Lakers’ GM says franchise still can build contender around Kobe

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Nobody who knows the Lakers questions if signing Kobe Bryant to a two-year, $48.5 million contract extension is a good business move. Kobe Bryant is worth three times that to the franchise — he fills arena, and more importantly the high priced seats and luxury boxes, with loyal fans. For two years after this the Lakers will sell out at home and be a huge draw on the road (and draw ratings that justify their massive local television deal).

But is it a deal that allows the Lakers to still build a contender around Bryant?

While there are those who questions the flexibility it really leaves the Lakers (and I’m in that group, I think they can be good but not contend for a title) Lakers GM Mitch Kupchak told the media Tuesday this deal will allow them to compete for a title (quotes via a transcript of the press conference on Lakers.com).

Do the Lakers have the flexibility to build a team that win a title with Kobe still?

“I think we do, I think we do. The challenge is there. The collective bargaining agreement doesn’t make it any easier for anybody. It’s restrictive and challenging, but yes, I do believe we can.”

Why do the deal now, why not wait until summer?

“Clearly, we had options to wait till the summer, which creates a lot of other kinds of challenges when you’re in an open market. We could have waited two, three or four weeks from now, and now you’re negotiating during the season with the player and that’s never a good thing, either. We just felt after a month or so of discussion, looking at what this may do to us in the summer in terms of our cap and our plans, and without going into great detail, we do maintain flexibility. The uncertainty of the summer is behind us now. We know we have Kobe in the fold for this year and two more years. The negotiation went pretty smoothly in terms of arriving at a number that as reported makes him the highest paid player in the league next year, the year after and of course this year as well. As I mentioned, we continue to have flexibility during the offseason not knowing what may take place during the offseason with these free agents. People continue to look at the offseason as the year to get a free agent, which is true. But for financial flexibility, it (helps) in a lot of ways in terms of making deals, so we do maintain that as well.”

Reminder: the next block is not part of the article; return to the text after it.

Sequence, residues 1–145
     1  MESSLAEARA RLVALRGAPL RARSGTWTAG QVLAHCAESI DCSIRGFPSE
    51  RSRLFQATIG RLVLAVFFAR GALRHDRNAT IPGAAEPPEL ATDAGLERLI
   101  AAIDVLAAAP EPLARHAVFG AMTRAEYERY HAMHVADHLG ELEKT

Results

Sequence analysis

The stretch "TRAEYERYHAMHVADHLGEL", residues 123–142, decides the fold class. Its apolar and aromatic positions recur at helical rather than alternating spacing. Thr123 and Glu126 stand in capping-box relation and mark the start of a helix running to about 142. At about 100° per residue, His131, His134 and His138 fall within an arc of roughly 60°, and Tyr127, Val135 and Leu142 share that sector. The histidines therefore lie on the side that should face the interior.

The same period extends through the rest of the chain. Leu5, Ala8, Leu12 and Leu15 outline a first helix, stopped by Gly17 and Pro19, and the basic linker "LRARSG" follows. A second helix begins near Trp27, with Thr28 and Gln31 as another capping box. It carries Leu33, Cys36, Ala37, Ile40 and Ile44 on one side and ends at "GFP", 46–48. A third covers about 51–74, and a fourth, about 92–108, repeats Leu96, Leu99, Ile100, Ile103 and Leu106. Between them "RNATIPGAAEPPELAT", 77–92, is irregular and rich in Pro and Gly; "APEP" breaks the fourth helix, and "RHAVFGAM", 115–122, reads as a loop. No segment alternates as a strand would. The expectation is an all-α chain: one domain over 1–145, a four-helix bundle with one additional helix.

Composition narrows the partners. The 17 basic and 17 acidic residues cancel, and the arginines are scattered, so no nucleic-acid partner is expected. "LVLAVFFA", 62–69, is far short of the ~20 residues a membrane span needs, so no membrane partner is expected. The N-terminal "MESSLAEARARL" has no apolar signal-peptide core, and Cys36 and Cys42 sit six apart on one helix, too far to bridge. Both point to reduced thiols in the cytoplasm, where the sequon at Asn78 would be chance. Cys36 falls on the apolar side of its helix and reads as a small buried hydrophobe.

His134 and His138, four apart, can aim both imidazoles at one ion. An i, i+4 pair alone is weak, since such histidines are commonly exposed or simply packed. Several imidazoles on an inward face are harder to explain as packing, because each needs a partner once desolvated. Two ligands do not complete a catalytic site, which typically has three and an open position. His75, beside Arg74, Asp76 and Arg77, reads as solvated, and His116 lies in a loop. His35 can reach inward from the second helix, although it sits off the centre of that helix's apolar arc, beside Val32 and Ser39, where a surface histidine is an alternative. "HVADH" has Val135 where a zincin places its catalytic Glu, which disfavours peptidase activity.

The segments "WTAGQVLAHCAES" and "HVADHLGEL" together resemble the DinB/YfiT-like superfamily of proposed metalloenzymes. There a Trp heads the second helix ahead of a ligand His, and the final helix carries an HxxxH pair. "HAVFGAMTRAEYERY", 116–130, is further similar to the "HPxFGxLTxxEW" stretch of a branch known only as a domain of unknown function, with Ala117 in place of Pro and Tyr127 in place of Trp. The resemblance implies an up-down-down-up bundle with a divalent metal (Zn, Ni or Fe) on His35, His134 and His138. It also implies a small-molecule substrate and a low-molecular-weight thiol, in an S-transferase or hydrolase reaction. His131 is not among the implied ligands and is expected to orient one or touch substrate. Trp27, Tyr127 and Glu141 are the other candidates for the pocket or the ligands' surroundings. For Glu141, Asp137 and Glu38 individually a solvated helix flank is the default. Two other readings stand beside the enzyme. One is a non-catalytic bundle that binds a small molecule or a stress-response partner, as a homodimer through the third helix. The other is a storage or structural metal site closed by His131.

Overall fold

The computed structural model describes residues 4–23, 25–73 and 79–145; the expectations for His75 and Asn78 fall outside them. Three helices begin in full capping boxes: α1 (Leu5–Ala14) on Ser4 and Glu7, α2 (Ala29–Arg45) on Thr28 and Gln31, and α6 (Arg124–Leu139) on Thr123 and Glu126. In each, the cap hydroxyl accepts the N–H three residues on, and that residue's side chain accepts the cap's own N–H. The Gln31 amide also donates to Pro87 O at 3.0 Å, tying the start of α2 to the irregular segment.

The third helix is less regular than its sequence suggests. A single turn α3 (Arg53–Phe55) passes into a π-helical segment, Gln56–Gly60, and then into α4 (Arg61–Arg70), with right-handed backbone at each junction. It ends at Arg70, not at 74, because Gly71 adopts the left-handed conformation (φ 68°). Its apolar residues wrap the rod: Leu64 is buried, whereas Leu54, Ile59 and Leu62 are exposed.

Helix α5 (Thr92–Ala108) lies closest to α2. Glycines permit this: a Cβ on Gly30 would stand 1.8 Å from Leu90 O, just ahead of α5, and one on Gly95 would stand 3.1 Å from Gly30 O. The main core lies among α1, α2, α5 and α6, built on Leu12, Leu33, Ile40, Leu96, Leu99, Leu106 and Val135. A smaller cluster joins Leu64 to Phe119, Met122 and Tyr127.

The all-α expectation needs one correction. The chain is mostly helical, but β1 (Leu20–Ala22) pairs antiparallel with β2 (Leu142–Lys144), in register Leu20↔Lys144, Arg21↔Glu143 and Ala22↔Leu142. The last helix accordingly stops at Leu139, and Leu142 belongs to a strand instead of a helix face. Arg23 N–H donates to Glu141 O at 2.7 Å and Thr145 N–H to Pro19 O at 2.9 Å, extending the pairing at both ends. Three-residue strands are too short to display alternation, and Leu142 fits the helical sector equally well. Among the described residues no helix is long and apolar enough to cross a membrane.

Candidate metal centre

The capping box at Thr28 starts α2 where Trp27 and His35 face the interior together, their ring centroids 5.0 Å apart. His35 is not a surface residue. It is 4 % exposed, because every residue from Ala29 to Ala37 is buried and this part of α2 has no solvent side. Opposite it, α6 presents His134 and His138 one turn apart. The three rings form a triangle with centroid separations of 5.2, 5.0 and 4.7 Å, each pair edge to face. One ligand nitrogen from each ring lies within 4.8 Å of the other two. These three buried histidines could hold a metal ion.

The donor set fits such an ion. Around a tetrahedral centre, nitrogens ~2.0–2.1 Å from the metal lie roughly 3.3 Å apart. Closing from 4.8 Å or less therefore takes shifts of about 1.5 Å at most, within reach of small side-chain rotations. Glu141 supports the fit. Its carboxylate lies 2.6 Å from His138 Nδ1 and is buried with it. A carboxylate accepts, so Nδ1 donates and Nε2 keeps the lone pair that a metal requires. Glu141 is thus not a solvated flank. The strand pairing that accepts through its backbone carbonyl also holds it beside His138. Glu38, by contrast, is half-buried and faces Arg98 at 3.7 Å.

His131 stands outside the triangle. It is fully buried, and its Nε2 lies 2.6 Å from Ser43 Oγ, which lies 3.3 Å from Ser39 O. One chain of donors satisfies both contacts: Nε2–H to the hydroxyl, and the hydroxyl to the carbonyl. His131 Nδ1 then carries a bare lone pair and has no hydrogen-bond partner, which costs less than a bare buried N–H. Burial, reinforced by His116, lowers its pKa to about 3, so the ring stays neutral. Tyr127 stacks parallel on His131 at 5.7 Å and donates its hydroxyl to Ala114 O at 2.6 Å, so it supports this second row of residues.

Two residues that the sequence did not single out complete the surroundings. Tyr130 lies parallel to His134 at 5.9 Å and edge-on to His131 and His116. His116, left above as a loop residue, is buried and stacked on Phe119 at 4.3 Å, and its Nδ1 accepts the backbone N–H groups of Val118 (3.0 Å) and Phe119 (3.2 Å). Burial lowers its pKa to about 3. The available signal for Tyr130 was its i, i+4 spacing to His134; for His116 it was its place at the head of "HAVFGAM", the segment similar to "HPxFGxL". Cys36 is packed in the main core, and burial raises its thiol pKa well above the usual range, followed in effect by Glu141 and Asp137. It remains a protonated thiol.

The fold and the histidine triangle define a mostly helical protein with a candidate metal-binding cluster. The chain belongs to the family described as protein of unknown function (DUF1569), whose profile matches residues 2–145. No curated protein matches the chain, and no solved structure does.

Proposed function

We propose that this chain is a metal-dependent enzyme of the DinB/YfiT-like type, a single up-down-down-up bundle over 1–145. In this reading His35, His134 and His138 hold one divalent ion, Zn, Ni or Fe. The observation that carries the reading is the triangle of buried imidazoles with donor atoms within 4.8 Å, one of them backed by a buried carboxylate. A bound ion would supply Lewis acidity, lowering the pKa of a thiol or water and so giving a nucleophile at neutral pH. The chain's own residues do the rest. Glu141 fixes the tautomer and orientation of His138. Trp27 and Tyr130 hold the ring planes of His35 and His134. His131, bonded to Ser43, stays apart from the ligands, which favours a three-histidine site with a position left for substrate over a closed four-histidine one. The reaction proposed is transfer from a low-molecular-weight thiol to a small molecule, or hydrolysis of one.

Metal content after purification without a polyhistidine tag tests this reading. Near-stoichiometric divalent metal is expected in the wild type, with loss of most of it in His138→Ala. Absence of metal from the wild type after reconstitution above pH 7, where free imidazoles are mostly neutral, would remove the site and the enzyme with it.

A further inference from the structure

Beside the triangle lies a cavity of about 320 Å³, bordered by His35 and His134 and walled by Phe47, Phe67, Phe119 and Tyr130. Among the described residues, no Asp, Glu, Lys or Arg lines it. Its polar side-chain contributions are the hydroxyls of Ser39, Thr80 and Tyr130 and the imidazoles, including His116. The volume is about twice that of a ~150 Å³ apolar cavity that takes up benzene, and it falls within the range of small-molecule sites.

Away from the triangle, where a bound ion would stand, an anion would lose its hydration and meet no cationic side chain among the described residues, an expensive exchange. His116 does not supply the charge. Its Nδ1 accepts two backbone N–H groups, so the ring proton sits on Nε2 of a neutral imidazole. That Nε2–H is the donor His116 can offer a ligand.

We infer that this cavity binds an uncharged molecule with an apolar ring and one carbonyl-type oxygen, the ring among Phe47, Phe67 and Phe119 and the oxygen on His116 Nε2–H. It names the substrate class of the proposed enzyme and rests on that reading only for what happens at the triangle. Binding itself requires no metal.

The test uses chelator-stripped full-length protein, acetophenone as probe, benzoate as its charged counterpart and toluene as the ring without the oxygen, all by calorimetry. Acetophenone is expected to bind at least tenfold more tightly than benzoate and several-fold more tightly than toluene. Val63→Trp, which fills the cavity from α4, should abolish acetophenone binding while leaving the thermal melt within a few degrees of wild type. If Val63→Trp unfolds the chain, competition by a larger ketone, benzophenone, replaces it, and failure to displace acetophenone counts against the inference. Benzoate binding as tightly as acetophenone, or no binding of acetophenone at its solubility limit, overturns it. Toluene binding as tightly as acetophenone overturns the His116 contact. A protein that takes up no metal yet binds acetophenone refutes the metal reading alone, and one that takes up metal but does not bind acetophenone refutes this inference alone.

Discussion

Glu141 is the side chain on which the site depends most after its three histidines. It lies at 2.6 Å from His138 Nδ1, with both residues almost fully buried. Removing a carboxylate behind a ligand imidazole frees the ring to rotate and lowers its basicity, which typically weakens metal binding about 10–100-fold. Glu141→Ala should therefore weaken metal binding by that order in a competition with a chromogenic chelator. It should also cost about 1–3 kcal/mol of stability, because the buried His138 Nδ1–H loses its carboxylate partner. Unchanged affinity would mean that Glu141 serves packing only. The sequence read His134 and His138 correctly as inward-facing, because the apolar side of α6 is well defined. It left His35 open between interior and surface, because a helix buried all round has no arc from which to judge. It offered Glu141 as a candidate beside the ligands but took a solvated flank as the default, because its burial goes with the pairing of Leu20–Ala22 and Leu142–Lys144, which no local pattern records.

Was this a business move or a basketball move?

“There’s really nothing that we do that isn’t a combination of a business and basketball decision. You have to ensure the franchise continues to grow and prosper. Then there’s the basketball side of it, which I’ve understood as well as anything. ‘Do you want to win?’ (Dr. Jerry Buss) wasn’t afraid to make a financial decision or business decision, but you can always kind of tell where everybody kind of knew he wanted to win also. Both are factors.”

As they should be. That doesn’t mean they are equally balanced.

That said Kupchak has been one of the smartest, craftiest GMs in the business for a long time. When you count him out, he makes what seems a smart move (even the Dwight Howard trade, despite how it turned out). Bet against him at your own risk.

But he is in an especially tight space now.

Warriors hope to get Shaun Livingston, Matt Barnes back for second round

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OAKLAND, Calif. (AP) — The Golden State Warriors hope to get injured reserves Shaun Livingston and Matt Barnes back from injuries for the second round of the playoffs after getting more than a week off between series.

The Warriors said Saturday that Barnes has been upgraded to probable for Tuesday night’s Game 1 and Livingston remains questionable but is hopeful he will be ready to return. Star forward Kevin Durant is expected to be a full go after missing two games and being limited to 20 minutes in Game 4 last round because of a strained left calf.

Barnes has been sidelined since April 8, while Livingston sprained a finger on his right hand in Game 1 of the first-round against Portland.